Island Insights

Separated From Normal

Wednesday, March 21, 2018

After viewing many of the paintings in “Separated From Normal,” I’m now convinced Trish Harding is is my artistic spirit animal. 

That’s because the exhibit currently on display at Peace Health St. Joseph Medical Center as part of the “Healing Through Art” series documents Harding’s teenage years spent living with her family on Lummi Island—which also happens to be the locale where I spent many of my teenage summers and received my first kiss, attempted to smoke driftwood (don’t ask), almost drowned when my sister pulled the plug out of the rowboat during high tide, rode bikes in the moonlight, and generally learned more about living without the typical rules that govern modern society.

“In the decade of the 1960s we were the feral teenagers of a San Juan Island known as Lummi,” Harding wrote in a recent press release about the “painted novel of coming of age” on the land mass located approximately 20 minutes west of Bellingham.

Her dad was an Irish Catholic from Boston who worked as an accountant, and her mom, Annamae, was a beloved employee at the small grocery store on Gooseberry Point. Harding had plenty of time on her hands, as her parents had an active social life and spent a lot of time away from their small home on Lane Spit. Luckily, she had her best friend, Paddy, to help keep her occupied.

“We were free to do anything we wanted to do, go anywhere we wanted to go and get there any way we could get there,” Harding says. “We were curious, risky and wild. Our years spent on Lummi Island were filled with angst, reef net fishermen, boys, driving cars, rock ‘n’ roll and homemade raspberry wine. I can still touch that time that would shape our personalities, build our character and solidify a friendship.”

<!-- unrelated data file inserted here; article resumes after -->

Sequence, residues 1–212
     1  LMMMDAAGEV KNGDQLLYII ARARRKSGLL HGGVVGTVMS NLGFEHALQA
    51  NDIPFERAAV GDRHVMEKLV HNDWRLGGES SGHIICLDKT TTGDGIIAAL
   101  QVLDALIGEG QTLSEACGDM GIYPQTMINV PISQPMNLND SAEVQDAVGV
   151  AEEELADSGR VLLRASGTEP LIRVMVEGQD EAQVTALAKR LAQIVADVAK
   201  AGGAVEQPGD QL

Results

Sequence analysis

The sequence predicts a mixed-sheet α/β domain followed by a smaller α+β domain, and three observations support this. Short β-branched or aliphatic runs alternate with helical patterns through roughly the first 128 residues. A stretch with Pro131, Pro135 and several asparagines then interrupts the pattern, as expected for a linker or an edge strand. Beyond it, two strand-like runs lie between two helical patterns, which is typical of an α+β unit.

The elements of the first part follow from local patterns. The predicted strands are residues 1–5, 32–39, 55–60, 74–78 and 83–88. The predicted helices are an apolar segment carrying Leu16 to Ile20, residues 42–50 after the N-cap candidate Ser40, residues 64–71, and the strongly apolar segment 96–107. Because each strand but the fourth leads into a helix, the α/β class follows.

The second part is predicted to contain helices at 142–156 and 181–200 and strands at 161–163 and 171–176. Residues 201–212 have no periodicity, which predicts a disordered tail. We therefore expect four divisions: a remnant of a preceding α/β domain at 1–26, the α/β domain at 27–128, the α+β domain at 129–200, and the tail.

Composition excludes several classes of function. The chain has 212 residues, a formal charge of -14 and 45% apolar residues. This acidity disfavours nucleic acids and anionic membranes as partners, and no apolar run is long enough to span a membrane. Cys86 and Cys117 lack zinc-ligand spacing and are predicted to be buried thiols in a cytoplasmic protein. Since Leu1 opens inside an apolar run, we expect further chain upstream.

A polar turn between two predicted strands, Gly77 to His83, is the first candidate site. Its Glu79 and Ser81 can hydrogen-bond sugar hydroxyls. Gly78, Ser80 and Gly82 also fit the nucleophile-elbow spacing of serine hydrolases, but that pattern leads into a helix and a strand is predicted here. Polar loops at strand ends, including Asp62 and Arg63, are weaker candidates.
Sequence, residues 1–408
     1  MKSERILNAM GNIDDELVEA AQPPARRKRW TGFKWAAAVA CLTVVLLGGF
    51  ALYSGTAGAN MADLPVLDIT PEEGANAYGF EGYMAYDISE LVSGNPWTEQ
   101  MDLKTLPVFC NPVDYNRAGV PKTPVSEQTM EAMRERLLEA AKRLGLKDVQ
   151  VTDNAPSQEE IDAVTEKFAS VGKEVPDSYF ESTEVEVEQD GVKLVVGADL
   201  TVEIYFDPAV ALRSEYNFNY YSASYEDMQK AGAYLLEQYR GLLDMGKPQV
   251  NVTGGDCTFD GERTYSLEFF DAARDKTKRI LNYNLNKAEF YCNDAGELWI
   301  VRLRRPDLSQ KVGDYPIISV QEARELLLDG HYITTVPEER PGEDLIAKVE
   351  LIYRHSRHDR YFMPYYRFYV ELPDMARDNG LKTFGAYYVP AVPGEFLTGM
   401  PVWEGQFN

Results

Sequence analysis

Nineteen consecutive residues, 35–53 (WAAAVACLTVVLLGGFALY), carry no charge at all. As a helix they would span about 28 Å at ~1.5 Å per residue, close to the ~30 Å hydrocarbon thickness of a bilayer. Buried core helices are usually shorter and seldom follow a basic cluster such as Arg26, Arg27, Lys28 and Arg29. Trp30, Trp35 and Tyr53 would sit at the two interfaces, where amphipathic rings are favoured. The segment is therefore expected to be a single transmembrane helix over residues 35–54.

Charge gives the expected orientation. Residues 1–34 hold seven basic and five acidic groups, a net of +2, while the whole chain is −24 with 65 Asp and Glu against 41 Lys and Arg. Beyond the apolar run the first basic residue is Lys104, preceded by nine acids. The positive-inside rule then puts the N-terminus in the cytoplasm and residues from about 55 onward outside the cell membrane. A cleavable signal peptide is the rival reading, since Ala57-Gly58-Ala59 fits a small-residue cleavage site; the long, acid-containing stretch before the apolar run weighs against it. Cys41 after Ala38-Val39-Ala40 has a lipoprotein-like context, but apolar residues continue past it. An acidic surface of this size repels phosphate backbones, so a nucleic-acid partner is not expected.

Even without a working knowledge of the iconic landmarks and views that helped shape Harding’s youth, I’m still certain I’d be drawn to the indelible images she created for this exhibit. They’re vibrant and lush and mesmerizing, and the fact that she has stories to go along with them is a boon to viewers.

For example, the paintings “Whatcom Chief” and “Ferry Fairy” point to living on the schedule of a boat, and also being at the mercy of Mother Nature. “Story House” draws attention to a supposedly haunted house on the west side of the island, where she and Paddy would sneak in to spend the night and scare themselves silly. “Deep Water Bay” tells of an epic overnighter in 1969 on Inati Bay on the weekend before high school graduation, and “Into the Wild” speaks not only of the breathtaking natural world instantly accessible on the island, but also of the freedom of answering only to yourself.

“When I was on Lummi Island there was a sense of into the wild each and every day,” Harding says. “Experiencing the musty smell of the forest floor, the taste of salt spray, primal seagull calls, and the savage dampness of the dark. There was an exhilarating thrill of mystery in the depths of the water and the exhilarating chill of the spooky forest. On the beaches and in the coves of Lummi Island, I felt untouched by convention and marched to rules of my own making.”

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